This preview shows pages 1–4. Sign up to view the full content.
SJP QM 3220
Formalism 1
Page F1
M. Dubson, (typeset by J. Anderson) Mods by S. Pollock
Fall 200
The
Formalism
of
Quantum
Mechanics
:
Our story so far …
State of physical system:
normalizable
Ψ
( x, t )
Observables:
operators
ˆ
x
,
ˆ
p
=
i
∂
∂
x
,
ˆ
H
Dynamics of
Ψ
:
TDSE
i
∂Ψ
∂
t
=
ˆ
H
Ψ
To solve, 1
st
solve TISE:
ˆ
H
ψ
=
E
Solutions are stationary states
ψ
n
(x), E
n
═►
special solutions of TDSE:
Ψ
n
(
x
,
t
)
=
n
(
x
)
e
−
iE
n
t
TDSE linear
═►
any linear combo. of solutions is also a solution.
Discrete case:
Ψ
(
x
,
t
)
=
c
n
e
−
iE
n
t
/
n
(
x
)
n
∑
(
n
=
1,2,3,
)
Continuum case:
Ψ
(
x
,
t
)
=
dk
φ
(
k
)
e
−
i
ω
(
k
)
t
∫
k
(x)
(
k any real number)
e
+
ikx
π
ψ
n
's ,
ψ
k
's
form complete, orthonormal sets:
dx
∫
m
*
n
=
δ
mn
dx
∫
k
'
*
k
=
1
2
dx
∫
e
i
(
k
−
k
')
x
=
(
k
−
k
Discrete
Discrete
Continuum
Discrete +
Continuum
This preview has intentionally blurred sections. Sign up to view the full version.
View Full DocumentSJP QM 3220
Formalism 1
Page F2
M. Dubson, (typeset by J. Anderson) Mods by S. Pollock
Fall 200
Notice similarity of
Ψ
's
to vectors;
Vector
V
//
complex function
Ψ
( x, t )
Scalar
real number a
//
complex number c
Any linear combination of vectors is a vector
C
=
a
A
+
b
B
//
Ψ
=
α
Ψ
1
+
β
Ψ
2
Orthonormal basis vectors
ˆ
x
⋅
ˆ
x
=
1
,
ˆ
x
⋅
ˆ
y
=
0
//
ψ
m
*
n
dx
∫
=
δ
mn
V
=
V
x
ˆ
x
+
V
y
ˆ
y
+
V
z
ˆ
z
//
Ψ
=
c
n
n
n
∑
V
x
=
ˆ
x
⋅
V
//
c
n
=
dx
n
*
Ψ
∫
Inner product
A
⋅
B
=
A
i
B
i
i
=
x
,
y
,
z
∑
//
∫
dx
Ψ
*
Φ
=
dx
∫
d
m
m
m
∑
*
c
n
n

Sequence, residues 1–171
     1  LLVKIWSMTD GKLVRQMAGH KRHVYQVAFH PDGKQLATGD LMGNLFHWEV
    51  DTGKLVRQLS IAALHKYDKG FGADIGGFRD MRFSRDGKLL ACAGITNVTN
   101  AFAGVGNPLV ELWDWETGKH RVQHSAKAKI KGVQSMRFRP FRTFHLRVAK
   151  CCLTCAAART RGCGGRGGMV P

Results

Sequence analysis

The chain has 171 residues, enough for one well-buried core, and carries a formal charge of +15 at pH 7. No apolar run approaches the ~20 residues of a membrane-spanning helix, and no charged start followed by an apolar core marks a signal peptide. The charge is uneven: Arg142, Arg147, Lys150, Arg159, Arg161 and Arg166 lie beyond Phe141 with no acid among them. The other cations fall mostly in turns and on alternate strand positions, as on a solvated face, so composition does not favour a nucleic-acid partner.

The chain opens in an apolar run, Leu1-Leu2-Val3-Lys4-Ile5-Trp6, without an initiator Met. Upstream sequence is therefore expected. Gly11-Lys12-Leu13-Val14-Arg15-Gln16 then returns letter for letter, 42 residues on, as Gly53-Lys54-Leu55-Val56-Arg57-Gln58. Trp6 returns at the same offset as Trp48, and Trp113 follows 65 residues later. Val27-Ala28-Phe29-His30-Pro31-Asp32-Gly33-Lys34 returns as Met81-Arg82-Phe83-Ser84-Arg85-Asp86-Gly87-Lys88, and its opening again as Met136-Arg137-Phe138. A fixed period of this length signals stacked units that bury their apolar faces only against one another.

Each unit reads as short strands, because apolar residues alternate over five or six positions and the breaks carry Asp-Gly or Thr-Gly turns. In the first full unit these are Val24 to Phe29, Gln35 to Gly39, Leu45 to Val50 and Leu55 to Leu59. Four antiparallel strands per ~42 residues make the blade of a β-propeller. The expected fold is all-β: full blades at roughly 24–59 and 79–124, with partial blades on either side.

n
∑
=
d
m
*
m
.
n
∑
c
n
m
*
n
dx
∫
mn
=
d
n
*
n
∑
c
n
The space of all complex, squareintegrable functions
Ψ
(x) is called
Hilbert Space.
Norm
V
⋅
V
=
V
2
//
Ψ
*
Ψ
dx
∫
<
∞
Hilbert Space is an infinitedimensional vector space with complex scalars and
normalizable vectors.
SJP QM 3220
Formalism 1
Page F3
M. Dubson, (typeset by J. Anderson) Mods by S. Pollock
Fall 200
Postulate 1:
Every possible physical state of a system corresponds to a normed vector
in Hilbert Space.
The correspondence is 1to1 except that vectors that differ by a phase
factor (scalar of modulus 1) corresponds to the same state
Ψ
( x, t )
◄═►
e
i
θ
Ψ
( x, t )
Dirac Notation
:
dx
−∞
+
∞
∫
f
*
(
x
)
g
(
x
)
=
f g
=
complex number
=>
f
g
=
g f
*
f
f
is real, nonnegative
c any complex number:
f c
⋅
g
=
c f g
c
⋅
f g
=
c
*
f g
Postulate 2:
(to be stated shortly!)
associates with every observable a linear,
hermitean operator. But first, a little background:
Definition:
An operator
ˆ
Q
is hermitean (or hermitian, both spellings are common) if
f
ˆ
Q g
=
ˆ
Q f g
for all f, g in Hilbert space (Hspace).
Which can be written (in position representation) as
dx
∫
f
*
(
ˆ
Q g
)
=
dx
∫
(
ˆ
Q f
)
*
g
Question: Is the operator
ˆ
Q
=
d
dx
(
)
Hermitian?
(The answer will be no.)
Let’s see why!
dx
∫
f
*
dg
dx
parts
?
=
dx
∫
df
dx
*
⋅
g
f
*
(
x
)
g
(
x
)

−∞
+
∞
0
−
d
dx
∫
(
f
*
)
⋅
g
(
x
)
dx
=
−
df
dx
∫
*
⋅
g
(
x
dx
So the answer is NO, there’s an extra unwanted minus sign that cropped up. It is NOT the
case that for this particular operator, that
f
ˆ
Q g
=
ˆ
Q f g
.
This preview has intentionally blurred sections. Sign up to view the full version.
View Full Document
This is the end of the preview. Sign up
to
access the rest of the document.
This note was uploaded on 02/27/2012 for the course PHYSICS 3220 taught by Professor Stevepollock during the Fall '08 term at Colorado.
 Fall '08
 STEVEPOLLOCK
 mechanics

Click to edit the document details